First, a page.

Its a known fact that during 1878, Deadwood had a smallpox epidemic and she personally nursed and helped care for several men and miners for many long hours, both day and night, when other people were too afraid of getting sick themselves. The locals praised her for those good deeds. She was certainly brave and caring!

Calamity claimed that she saved some passengers on an overland stagecoach after the driver, John Slaughter, was shot and killed by Indians, and she overtook the horses’s reins and drove them to its Deadwood destination. Historians say that 25 yr old John Slaughter was indeed killed, but it was by a member of the Sam Bass gang after they attacked the stagecoach about 2.5 miles outside Deadwood. The horses bolted down the road and the outlaws gave up and left. Did Calamity actually stop the run-a-way stagecoach and save the passengers?

It seems that Calamity Jane may have had a couple children but historians are uncertain on the facts, and History tends to change over time. Some say her and Hickok were briefly married (but he had a wife) and possibly they had a daughter together, aka, the McCormick Claim. According to Jean Hickok Burkhardt McCormick, she claimed that Calamity & Wild Bill had ‘married’ in the Montana Territory according to McCormick’s Bible notes and letters, and that she was their child who was given up for adoption. That claim has been challenged.

Around 1881 she was married to Clinton Burke, and she ran an Inn on the ranch.

In the late 1880’s Calamity Jane returned to Deadwood SD with a child whom she said was her daughter. She requested a fundraiser to be held to help support her child’s education and a large sum of money was raised. Calamity got drunk and spent some of that money that night and left the next day with her daughter. Later on, it was understood that Calamity’s daughter did get an education, grew up, and married well.

By 1899 she was in Buffalo Bill’s Wild West Shows being introduced as the ‘Famous Woman Scout of the Wild West’ and ‘The Heroine of a Thousand Thrilling Adventures’. But her drinking problem began to interfere with her performances, and in 1901, in New York, Cody released her from the show & loaned her money to get back to Deadwood.

In 1903 she was earning her keep by doing the laundry for Madam Dora DuFran’s girls at the Belle Fourche.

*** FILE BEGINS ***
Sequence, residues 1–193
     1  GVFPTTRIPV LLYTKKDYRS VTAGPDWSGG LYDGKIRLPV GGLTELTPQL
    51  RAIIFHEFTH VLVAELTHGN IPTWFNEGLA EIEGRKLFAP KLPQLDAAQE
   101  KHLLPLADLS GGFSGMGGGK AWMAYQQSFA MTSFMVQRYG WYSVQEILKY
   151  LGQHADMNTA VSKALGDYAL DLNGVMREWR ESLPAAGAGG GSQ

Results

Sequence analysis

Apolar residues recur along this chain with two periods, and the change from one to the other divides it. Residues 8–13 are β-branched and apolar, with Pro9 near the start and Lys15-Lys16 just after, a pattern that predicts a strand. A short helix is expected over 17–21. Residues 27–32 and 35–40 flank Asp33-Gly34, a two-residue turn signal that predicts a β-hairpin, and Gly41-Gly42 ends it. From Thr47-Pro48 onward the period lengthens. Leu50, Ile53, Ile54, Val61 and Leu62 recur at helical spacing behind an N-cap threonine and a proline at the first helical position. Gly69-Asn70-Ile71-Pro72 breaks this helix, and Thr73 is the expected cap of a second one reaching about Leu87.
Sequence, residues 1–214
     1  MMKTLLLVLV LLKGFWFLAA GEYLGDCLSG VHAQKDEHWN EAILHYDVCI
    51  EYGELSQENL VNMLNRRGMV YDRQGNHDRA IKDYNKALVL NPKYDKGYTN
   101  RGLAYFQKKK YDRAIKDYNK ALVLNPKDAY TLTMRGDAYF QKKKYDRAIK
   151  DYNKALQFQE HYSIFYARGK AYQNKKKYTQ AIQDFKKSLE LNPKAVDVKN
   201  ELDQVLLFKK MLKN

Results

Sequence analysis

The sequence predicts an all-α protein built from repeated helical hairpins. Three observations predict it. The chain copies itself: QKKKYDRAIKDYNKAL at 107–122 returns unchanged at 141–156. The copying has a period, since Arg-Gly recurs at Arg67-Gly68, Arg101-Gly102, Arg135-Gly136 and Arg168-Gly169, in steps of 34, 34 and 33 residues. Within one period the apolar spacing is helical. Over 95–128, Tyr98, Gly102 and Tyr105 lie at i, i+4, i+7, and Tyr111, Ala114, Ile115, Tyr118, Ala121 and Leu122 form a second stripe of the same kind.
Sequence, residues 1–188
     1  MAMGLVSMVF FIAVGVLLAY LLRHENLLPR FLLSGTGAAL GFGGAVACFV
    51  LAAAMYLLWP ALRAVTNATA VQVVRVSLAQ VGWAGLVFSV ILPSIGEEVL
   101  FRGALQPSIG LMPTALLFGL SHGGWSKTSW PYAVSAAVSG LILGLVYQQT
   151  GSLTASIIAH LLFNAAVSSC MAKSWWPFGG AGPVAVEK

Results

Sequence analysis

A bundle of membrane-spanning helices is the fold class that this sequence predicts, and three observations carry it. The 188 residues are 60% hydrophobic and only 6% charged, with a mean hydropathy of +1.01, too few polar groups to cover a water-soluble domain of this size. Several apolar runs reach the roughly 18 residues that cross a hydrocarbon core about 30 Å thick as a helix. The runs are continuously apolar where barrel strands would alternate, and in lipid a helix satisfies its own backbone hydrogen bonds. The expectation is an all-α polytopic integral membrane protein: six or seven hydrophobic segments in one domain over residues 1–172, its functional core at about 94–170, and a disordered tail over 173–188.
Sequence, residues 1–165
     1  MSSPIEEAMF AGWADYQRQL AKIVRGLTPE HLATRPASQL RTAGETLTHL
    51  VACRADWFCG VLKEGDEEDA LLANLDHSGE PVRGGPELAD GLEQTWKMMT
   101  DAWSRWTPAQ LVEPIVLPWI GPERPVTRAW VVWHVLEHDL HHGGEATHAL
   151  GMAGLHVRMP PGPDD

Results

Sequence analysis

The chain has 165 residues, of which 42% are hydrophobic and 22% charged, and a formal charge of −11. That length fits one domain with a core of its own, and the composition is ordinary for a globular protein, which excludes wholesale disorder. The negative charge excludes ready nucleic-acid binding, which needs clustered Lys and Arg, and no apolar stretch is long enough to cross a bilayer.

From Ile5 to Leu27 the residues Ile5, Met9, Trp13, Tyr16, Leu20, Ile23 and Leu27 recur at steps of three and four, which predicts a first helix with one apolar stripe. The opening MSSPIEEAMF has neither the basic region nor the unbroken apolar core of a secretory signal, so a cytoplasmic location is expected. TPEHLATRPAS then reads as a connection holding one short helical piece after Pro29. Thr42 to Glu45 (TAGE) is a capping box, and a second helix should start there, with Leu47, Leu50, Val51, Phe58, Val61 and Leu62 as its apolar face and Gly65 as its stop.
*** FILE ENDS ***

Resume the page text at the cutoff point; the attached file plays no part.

She took an ore train to Terry South Dakota but had been drinking heavily and fell ill. The conductor, SG Tillett carried her off the train and a bartender secured a room for her at the Calloway Hotel. Unfortunately, she died at the hotel on Saturday August 1, 1903 from pneumonia and bowel inflammations. It was the day before Wild Bill’s death Anniversary.

She’s buried near Wild Bill at Mount Moriah Cemetary. Although many have said that Wild Bill had “no use for Jane” while he was alive, they buried her there, as per her wishes. She said he was the only man she ever loved and they thought it would be a posthumous joke on Wild Bill. Her funeral was one of the largest in that area with people paying their last respects to this legendary woman.

NOTE: In the vast majority of the known photos of Calamity Jane, she is wearing dresses, like an average woman. There’s only a few photos in her celebrity buckskin outfit.

ELEANOR DUMONT aka Madame Moustache

Madame Moustache was a well known gambler in the Wild West especially during the California Gold Rush.

Her birth and early origins are unknown, possibly New Orleans or France, but as an adult she showed up in San Francisco in 1849 working the tables as a card dealer.

Within a couple years she opened her own fine gambling establishment in Nevada City and absolutely refused to let any dirty, unclean, men inside her parlor. She was a business woman, and only wanted respectable patrons. She preferred champagne over whiskey.

She was tough. There are other stories of her foiling robbers and threatening others at gunpoint.

Being a successful business owner in the gaming industry, she was able to save money. She purchased a new ranch, and she purchased cattle as other forms of property investments.

But she fell in love with a smooth talking man named Jack McKnight whom she thought she could trust. Unfortunately, she also signed her property over to him so he could manage it on her behalf. It turns out that he was a swindling con artist and he ran off with her money, leaving her in severe debt.

Shocked and saddened, Madame Moustache was not taking this theft of her hard earned money lightly. She eventually hunted McKnight down, killing him with two shotgun blasts!

During the summer of 1876 it is said that she was on Colorado Charlie Utter’s 30 wagon, wagon train from Ft Laramie Wy. Calamity Jane would also meet Wild Bill Hickok on that wagon train to Deadwood SD.

Sadly, Eleanor never fully recovered from McKnights ordeal, but at least she had gotten some revenge.

Thanks for reading!